Review: The Single Issue
Al Hsu’s The Single Issue should have been called “The Person Issue.” It is a book that is meant to be about singleness – it it certainly is that – but it so well-handles the issue that it provides an excellent insight into life itself, the place of relationships, community, marriage, celibacy and God-given identity. Without realising it, I think Al Hsu’s has provided an excellent work on the spiritual disciplines of life – no matter what your marital status.
I was lent the book by a friend of mine as a means of preparing for our current sermon series on “Money, Sex, Power.” There is plenty of material on sex and sexuality (consider my previous review of the book Sacred Sex) and its expression in married life. What material out there affirms both sex and singleness without seeing them as uncomfortable guests in an awkward conversation? A lot of writers are condescending at best and deluded at worst when it comes to commentary on sexuality and singleness. Al Hsu brings a contribution that is biblical, meaningful, applicable, and delightful.
Hsu recognises that there is an overemphasis on married life in the church and a misplaced ideal. The church’s response to the sexual liberation of the 20th century has meant an idealisation of the nuclear family – and the Christian single person comes under a significant amount of pressure and expectation to marry and fit into that ideal. But Hsu asks:
“Is there an alternative to all this? Can Christian singles find a positive view of singleness that moves beyond traditional expectations and stereotypes? However one might classify or categorize today’s singles, several things are clear. One is that singleness itself does not determine a particular lifestyle… More significant is our attitude towards being single and how we choose to live as singles.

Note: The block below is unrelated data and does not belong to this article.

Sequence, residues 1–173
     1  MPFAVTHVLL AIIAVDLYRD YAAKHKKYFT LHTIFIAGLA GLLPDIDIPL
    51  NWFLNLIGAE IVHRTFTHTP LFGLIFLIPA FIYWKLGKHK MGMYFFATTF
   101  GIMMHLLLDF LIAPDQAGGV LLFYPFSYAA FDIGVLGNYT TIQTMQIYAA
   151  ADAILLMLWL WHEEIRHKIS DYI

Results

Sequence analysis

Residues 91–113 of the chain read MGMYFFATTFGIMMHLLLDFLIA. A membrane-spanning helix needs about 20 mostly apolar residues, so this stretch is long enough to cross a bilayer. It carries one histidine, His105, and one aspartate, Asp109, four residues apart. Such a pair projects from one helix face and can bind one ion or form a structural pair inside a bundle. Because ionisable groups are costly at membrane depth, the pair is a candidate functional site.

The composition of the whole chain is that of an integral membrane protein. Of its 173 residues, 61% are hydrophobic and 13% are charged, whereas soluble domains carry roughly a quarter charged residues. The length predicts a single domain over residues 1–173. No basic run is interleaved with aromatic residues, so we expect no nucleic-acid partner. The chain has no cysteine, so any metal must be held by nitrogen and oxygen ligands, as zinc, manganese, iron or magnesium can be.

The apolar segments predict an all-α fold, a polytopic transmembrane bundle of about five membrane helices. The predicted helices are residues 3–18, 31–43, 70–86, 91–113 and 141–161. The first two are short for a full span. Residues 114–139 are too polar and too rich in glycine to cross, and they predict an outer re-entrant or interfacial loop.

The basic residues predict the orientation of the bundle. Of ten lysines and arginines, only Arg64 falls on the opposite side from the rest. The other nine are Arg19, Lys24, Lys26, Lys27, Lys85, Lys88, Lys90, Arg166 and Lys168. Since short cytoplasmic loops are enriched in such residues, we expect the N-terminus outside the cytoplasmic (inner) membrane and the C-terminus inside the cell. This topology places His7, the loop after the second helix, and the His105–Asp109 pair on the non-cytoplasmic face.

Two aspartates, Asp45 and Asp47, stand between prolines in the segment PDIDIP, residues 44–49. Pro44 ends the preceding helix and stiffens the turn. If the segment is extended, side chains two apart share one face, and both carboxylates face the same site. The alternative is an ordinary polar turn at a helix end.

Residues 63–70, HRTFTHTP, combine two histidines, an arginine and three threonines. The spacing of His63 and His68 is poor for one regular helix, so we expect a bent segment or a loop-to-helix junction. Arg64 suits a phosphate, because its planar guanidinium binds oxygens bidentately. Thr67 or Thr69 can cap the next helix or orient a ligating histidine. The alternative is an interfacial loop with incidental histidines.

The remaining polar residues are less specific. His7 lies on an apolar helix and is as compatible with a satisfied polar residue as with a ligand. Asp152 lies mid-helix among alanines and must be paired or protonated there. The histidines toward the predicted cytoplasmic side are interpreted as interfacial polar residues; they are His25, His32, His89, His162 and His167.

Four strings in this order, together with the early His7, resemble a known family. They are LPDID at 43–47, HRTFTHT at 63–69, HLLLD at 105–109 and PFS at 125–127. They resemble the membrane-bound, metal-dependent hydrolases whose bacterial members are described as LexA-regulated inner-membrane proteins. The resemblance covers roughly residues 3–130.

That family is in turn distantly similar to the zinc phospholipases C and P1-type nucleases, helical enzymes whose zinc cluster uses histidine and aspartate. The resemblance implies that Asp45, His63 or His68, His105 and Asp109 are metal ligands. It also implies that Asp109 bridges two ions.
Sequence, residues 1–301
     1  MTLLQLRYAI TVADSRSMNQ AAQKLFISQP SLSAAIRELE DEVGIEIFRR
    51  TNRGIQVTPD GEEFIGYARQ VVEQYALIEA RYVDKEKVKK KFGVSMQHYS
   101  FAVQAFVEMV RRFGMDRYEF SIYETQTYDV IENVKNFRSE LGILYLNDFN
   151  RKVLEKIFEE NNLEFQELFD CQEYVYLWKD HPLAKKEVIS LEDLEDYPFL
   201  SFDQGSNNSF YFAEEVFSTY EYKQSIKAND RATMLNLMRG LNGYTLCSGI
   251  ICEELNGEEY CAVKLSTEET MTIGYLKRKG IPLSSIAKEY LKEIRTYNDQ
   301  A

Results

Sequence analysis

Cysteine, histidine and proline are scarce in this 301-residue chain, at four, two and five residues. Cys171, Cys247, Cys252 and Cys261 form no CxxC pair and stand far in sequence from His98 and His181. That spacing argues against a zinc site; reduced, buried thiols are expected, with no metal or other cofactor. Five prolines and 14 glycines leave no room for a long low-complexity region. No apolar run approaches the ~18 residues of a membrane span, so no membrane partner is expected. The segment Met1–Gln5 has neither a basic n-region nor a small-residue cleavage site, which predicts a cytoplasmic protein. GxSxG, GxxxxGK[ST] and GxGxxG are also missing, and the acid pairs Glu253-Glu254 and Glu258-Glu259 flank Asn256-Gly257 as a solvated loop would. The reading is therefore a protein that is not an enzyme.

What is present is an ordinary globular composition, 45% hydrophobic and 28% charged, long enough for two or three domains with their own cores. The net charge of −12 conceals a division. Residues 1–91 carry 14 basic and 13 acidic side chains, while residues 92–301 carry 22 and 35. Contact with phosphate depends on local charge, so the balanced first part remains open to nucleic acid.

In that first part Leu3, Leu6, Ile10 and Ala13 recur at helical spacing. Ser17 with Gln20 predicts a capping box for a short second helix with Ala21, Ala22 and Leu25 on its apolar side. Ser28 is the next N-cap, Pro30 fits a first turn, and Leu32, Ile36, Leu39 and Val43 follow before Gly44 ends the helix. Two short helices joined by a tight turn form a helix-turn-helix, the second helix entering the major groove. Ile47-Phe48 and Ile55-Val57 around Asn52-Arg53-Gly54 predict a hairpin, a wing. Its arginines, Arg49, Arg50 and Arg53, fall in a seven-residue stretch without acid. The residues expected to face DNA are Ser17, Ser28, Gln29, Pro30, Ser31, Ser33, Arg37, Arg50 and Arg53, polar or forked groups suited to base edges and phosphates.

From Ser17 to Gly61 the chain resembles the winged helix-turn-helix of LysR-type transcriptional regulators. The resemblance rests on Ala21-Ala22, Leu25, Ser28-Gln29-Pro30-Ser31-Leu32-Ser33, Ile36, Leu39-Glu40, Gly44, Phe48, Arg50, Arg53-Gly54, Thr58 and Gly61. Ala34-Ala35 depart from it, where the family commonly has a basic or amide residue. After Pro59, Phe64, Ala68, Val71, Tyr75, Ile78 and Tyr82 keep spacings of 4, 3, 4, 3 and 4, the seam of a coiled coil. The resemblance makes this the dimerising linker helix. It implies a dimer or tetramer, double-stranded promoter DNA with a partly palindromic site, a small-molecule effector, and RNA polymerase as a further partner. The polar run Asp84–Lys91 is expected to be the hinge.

“To that end, singles are asking many questions. ‘Am I to be single for ever, or will I eventually marry?’ ‘What is God’s will for my life as a single person?’ ‘How do I satisfy my needs for companionship and relationship?’ ‘What is my identity in a world of married couples?'” (p28-29)
And so Hsu does a fantastic job of unpacking singleness – it’s history (chapter 2) and biblical expression – and the many misconceptions concerning it. For instance, “the significance of Jesus’ teaching in Matthew 19 is that it affirms that single persons are no less whole people for lack of marriage, in contrast to Jewish thought.” (p35) Later on he uncovers the incorrect Greek mythology of “soul partner” that lies behind the prevalent thought in Western culture that “each one of us is an incomplete half searching for the perfect other half who will make us whole. This belief runs completely counter to biblical teaching.” (p76)
He also does well to unpack the issue of God’s will when it comes to marriage – not just the general will of God but the particular will that causes people to perhaps even blame God for the lack of a partner. In this regard he gives an excellent exegetical exposition of the concept of the “gift of singleness.”
“… the ‘gift of singleness’ is not something that must be spiritually discerned or subjectively felt. Singles do not need to search their hearts to see if they are truly able to live as contented singles. It is not some supernatural empowerment for some function of ministry. Rather, the gift is a description of an objective status. If you are single, then you have the gift of singleness. If you are married, you don’t. If you marry, you exchange the gift of singleness for the gift of marriedness. Both are good. Simple as that.” (p61)